The Messenger: Supernatural (Chapter Four)
Presenting original in-universe fiction from The Line. This series focuses on the team's resident fanboy The Messenger, and is set slightly before he is invited to join the team, battling the menace of Breathtaker.
Read Chapter One
Read Chapter Two
Read Chapter Three
TENDER IS THE NIGHT
The Balrog-shaped digital clock next to Newhaus' bed shone the time as 2:43 AM, and he lie still, staring at his stuccoed ceiling. He reached out with his thoughts, finding his sleeping goth neighbors cuddled up in each others' arms, the crazy cat lady upstairs not noticing the six tabbies and two siamese strolled indifferently over her as she snored into her carpet. He noted the buzz of telepathic static which was his friend Justice, asleep on his couch with a PlayStation controller on his lap, then chuckled at the memory of being in the shower, noting the stillness of that static and switching off the TV with a levitating fork two hours prior. They'd worked up some "plays" to practice in an abandoned canyon in Rancho Palos Verdes before the fight near the Promenade, and it all sent Newhaus to the warm embrace of his Royale shower head.
In the dead of the night, however, Newhaus found slumber challenging. He thought back to the "training sessions" Justice had given him after finding him -- crying, alone and surrounded by shattered glass and mangled metal -- after his powers had manifested six months before. What was up with those books he just had "lying around," ones that talked about magnetism and telepathy and levitation, Newhaus wondered. He never wants to talk about this crazy family of his back east ... I wonder ...
Suddenly, he heard the buzzing vibration of his phone, still tucked in his jeans, and reached out, levitating the pants by the belt buckle and the buttons, then freeing the phone and sending it zipping over to his hand. He smiled as he looked at the display, and spoke softly. "Hey, Tara."
"Hey, you, I missed you tonight!" the bouncy blonde said. "What happened? I thought you and Rasul were coming through!"
Thinking quickly, he said, "Uh ... I got an emergency thing from my clients at Digital Domain. They needed a copywriter, and Rasul was with me, so we sold 'em a package deal."
"Uh huh ... so you two ended up playing Grand Theft Auto all night?" Vasquez laughed.
"No, of course not!" Newhaus protested. "... well, he did, his part was done first. But I didn't."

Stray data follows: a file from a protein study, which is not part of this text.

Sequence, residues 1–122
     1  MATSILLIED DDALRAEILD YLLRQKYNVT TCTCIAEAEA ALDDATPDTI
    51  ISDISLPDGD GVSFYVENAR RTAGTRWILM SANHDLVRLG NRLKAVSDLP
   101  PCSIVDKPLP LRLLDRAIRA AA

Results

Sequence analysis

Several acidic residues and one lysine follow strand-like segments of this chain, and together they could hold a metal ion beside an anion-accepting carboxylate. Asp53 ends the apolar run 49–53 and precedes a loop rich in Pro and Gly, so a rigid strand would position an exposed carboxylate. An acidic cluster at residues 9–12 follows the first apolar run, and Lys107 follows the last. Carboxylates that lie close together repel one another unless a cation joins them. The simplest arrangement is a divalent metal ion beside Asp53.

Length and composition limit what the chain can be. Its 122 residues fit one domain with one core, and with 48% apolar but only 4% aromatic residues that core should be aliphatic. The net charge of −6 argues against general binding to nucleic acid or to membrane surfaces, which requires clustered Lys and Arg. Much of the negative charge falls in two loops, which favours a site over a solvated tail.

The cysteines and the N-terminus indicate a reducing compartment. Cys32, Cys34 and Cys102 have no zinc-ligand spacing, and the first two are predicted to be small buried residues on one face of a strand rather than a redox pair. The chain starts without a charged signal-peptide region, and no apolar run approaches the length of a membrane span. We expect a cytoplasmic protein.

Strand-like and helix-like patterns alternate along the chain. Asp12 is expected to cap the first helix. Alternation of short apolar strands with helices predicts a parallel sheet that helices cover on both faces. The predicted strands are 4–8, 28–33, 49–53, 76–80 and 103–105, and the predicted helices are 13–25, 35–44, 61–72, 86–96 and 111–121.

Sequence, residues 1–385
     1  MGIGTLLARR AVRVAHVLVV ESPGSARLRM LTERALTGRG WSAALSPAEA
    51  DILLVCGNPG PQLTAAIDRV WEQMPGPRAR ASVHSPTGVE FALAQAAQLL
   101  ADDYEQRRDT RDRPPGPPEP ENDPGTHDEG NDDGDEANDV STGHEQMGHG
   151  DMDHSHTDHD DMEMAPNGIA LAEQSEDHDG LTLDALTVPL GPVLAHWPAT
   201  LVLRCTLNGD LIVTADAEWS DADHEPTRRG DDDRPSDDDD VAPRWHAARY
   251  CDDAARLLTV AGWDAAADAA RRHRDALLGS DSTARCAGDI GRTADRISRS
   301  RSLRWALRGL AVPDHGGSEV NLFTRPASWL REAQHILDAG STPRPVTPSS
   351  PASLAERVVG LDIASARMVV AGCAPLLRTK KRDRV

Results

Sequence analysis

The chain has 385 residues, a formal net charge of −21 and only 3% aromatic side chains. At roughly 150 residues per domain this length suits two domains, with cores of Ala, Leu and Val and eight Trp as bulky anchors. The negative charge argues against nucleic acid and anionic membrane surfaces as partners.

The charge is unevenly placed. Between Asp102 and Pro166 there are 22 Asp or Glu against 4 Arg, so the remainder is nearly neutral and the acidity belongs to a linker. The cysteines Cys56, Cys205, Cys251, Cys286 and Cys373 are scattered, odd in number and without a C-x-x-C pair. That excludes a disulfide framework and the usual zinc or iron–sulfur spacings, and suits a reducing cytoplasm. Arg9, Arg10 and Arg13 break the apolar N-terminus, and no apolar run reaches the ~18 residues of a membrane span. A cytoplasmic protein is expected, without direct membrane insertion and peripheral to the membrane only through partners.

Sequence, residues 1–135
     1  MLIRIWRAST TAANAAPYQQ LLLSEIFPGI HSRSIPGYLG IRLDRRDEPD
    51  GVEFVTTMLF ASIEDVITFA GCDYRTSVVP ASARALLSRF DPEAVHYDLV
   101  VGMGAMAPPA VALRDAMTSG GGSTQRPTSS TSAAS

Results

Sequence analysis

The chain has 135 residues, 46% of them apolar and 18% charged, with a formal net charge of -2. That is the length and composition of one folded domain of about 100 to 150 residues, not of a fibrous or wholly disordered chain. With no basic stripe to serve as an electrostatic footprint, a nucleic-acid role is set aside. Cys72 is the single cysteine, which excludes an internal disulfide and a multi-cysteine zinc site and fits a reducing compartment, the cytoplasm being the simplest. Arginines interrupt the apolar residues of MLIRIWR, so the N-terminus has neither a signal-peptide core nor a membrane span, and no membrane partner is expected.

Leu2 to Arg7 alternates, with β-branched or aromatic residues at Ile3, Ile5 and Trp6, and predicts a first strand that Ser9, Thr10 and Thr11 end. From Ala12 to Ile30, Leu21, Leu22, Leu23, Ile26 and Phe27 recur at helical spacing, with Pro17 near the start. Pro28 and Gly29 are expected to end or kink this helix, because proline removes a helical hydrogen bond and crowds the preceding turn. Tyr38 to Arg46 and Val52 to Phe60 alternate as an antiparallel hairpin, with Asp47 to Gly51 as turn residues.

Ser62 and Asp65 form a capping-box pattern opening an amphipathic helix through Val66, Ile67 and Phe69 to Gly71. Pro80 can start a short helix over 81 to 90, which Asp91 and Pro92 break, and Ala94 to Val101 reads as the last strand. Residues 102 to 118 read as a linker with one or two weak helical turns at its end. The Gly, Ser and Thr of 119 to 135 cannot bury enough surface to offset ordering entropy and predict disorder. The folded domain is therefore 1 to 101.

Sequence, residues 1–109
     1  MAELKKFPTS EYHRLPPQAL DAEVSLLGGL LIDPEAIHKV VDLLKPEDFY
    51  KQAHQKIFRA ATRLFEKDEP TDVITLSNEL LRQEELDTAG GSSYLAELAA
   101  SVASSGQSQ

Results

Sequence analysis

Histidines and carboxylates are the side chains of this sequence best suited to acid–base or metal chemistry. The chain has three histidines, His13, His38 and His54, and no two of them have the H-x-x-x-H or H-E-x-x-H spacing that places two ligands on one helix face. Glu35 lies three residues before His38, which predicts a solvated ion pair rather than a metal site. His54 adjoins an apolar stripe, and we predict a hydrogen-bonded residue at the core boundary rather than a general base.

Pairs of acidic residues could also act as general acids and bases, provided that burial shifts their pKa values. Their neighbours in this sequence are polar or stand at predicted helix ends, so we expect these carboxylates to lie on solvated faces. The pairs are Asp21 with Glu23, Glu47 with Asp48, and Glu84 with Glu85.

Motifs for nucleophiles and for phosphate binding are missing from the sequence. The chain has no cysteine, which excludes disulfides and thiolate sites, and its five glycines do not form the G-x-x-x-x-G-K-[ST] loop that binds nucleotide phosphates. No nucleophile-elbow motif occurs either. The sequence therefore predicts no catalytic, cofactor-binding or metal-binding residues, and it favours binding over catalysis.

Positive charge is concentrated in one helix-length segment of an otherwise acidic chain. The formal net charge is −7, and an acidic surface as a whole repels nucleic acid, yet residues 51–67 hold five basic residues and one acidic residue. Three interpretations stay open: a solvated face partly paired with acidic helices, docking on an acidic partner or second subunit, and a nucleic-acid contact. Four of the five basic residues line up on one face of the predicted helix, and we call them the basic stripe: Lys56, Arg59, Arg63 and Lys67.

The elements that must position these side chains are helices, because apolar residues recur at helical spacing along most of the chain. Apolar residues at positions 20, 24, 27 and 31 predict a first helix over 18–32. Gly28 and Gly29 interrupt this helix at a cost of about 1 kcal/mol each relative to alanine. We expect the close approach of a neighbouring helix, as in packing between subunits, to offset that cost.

"Well, I hope I see you Saturday," she purred.
Dreamily, his eyes closed, imagining her voice saying the same with her lips near his neck. "I promise you will," he said softly.
"Oh, you know what?" she said excitedly. "I got so mad, did I tell you? Oooh, there's this guy I've been seeing, Chet, right?"
Gritting his teeth and clenching his fist as his arm lay across his eyes, Newhaus replied, "Right."
"So I'm working, you know, rockin' tunes and keepin' it groovin' and he's dancing with me. Which is cool, you know. But then this a**hole decides to start trying to rub up under my skirt like we're at home, and I tell him ..."
Frustrated in the dark and the quiet with the light from his clock shining the late hour on his hairy skin, Newhaus simply listened, making the appropriate sounds she expected to prove that her sounding board remained in place.
A cluster of expensive condos loomed over Santa Monica Boulevard at 4th Street in Santa Monica, baby blue paint softening the hard modernism of the metallic railings. Hours later, as the sun started brightening the far eastern horizon, after Nate Newhaus had driften into dreams, Rasmussen was dragged out on to the balcony of the sparsely opulent corner condo by two huge bruisers, one Black and one caucasian, in matching black suits with earpieces. They shoved him up against the railing, two floors above the street, and indicated he should stay put. He heard the sliding glass door close as they retreated and stood, looking down at the boarded up windows from the earlier excitement.
The sliding glass door opened again and Rasmussen tensed up. He heard the scraping of a deck chair on the concrete surface as someone sat down behind him.